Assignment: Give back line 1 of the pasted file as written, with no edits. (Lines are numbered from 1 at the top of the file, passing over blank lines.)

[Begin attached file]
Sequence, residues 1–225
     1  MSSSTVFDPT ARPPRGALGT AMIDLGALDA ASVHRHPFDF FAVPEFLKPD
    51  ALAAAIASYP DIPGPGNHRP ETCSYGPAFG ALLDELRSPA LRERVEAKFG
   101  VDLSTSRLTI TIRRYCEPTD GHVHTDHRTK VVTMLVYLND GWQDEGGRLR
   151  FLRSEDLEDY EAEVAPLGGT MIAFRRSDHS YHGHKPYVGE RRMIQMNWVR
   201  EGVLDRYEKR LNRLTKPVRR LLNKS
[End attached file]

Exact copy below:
Sequence, residues 1–225